Saturday, June 20, 2009

Mind what you read

Have you noticed that people can be divided into categories. If you want a sense of how you might categorise people, consider the following groups:

1. Sense of reality: By that I mean people's perspective or how they relate to reality. People either have a subjective or an objective sense of reality, and this impacts on their attitudes. Consider them:
(a) Subjective: These people consider reality as a product of their consciousness, which has primacy. This means that they wish things which depart from reality, as if they had control of reality, or if their mind was divorced from reality. Examples are: The idea that what's right for you is right for you, what's right for me is right for me. This is of course a repudiation of science and objectivity, and people usually do this as a departure from judgement (external standards) or responsibility. I also note that this type of person is very selective about what they hear and read. They will only read material which agrees with their views, so this serves to keep the mirage alive. These people are people-orientated, because they would prefer to seek subjective validation from people whom they know are going to provide it, rather than validation from any achievement in fact.
(b) Objective: These people have a great respect for facts, an objective truth. They place facts above their own beliefs, which they attempt to reconcile with the facts. These people give primacy to the truth, and they have confidence in their ability to do so, so they are problem-solvers in this regard. They thus have the confidence of judging evidence from any perspective with impartiality.

People can display objectivity and subjectivity in different context as well. The reasons why people might do this are:
1. Fundamentality: People can have fundamental values which depart from more concrete premises which are difficult to refute. For this reason there can be some discomfort to attacking these if they don't reconcile with your concrete premises.
2. Compartmentalisation: Ask yourself how a politician can support competition in the private sector, but not support it in parliament. Contradiction, which they quarantine because it does not serve them.
3. Vulnerability: People will tend to be more concrete-bound, when they are in a stressful situation or feel vulnerable. This tends to pull them towards subjectivity, but it depends on the person.
4. Accountability: People who are ultimately held accountable tend to be more objective, but they can also preserve some subjectivity as well, e.g. Minimising their personal responsibility, pleading how sorry they are (insincerely), etc.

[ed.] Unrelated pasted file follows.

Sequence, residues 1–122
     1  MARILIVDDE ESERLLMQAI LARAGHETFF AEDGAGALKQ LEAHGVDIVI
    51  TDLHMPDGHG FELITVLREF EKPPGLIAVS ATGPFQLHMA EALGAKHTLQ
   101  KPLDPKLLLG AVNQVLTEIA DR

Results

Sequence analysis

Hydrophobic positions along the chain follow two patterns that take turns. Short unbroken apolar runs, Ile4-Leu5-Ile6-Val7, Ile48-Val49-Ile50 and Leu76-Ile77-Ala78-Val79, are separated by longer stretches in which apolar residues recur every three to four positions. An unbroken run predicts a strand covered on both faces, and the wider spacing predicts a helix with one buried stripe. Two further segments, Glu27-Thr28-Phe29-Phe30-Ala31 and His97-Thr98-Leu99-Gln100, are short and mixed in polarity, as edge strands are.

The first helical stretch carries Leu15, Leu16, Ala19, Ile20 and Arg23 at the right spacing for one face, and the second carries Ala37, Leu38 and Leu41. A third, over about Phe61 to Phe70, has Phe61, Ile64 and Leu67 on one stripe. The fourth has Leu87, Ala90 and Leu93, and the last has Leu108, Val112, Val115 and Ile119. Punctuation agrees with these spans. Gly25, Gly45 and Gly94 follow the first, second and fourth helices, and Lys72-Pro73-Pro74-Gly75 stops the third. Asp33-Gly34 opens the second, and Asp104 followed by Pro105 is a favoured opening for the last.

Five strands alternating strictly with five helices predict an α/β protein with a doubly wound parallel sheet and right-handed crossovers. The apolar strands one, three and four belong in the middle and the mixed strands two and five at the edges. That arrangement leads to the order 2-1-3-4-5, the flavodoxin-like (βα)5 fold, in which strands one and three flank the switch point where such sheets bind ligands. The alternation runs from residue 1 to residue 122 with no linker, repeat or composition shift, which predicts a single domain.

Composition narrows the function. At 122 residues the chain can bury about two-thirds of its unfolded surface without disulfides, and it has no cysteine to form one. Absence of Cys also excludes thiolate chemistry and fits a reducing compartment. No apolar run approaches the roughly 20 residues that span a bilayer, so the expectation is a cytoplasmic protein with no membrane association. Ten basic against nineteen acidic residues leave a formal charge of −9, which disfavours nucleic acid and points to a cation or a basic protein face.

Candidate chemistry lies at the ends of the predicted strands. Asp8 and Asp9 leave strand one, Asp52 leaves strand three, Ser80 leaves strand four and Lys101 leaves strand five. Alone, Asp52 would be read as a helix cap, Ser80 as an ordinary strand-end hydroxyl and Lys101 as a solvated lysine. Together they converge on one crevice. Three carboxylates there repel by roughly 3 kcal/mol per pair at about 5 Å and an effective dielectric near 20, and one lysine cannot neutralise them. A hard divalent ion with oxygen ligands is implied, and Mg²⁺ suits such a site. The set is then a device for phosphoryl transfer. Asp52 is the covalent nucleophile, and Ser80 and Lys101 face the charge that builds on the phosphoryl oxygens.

So the point I am making is that each of us has a perspective of reality that is shaped by our early experience. People build up a hierarchy of knowledge which is robust or shaky to the extent that it has firm structure, i.e. Coherence of ideas, correspondence to facts. Critical to this is clarity of definition and a great deal of evidence. We are of course born with very little evidence. We are also raised with embedded ideas derived from our parents, peers and broader society. It is not until 12 years of age, more or less, depending on our experience that we are able to challenge other people's ideas. Some people will not have a handle of their contradictions until they are in their 40s, others never learn. They instead evade being challenged or keep the company of people who similarly don't like to be challenged.

The problem is that people don't appreciate the value of challenging their embedded ideas until they do. Even then the value might not be readily apparent because they don't live in a vacuum. In a social context they can be alienated for holding a different value system. They too readily tolerant the status quo, in the process neglecting to reflect on the fact that they are affirming the status quo.

One cannot grow unless one challenges ideas. Synthesis is the basis of empiricism, but deductive reasoning requires differentiation. Unless we are prepared to differentiate ourselves from others there is limited scope for intellectual development. Instead science descends to groundless correlation, ideas are held out of context, and you end up with the modern science and parliament. In a sense, you asked for it.

Anyway, I would hope that people preserve a desire to read and analyse a broad body of literature; not just with that which they will agree with. If you read material you don't agree with, challenge it. Understand how the reader came to think that way. For instance, I am currently reading 'The Power of Now' by Eckhert Tolle. Everyone is talking about this book. It is well written, but I would suggest the book will drive you to repression, just as this type of material has done in Asia. That is not a reason to not read it...but rather to read the counter-arguments and more importantly to develop your own. Basically I don't read books anymore. My joy is in writing and pulling apart others arguments.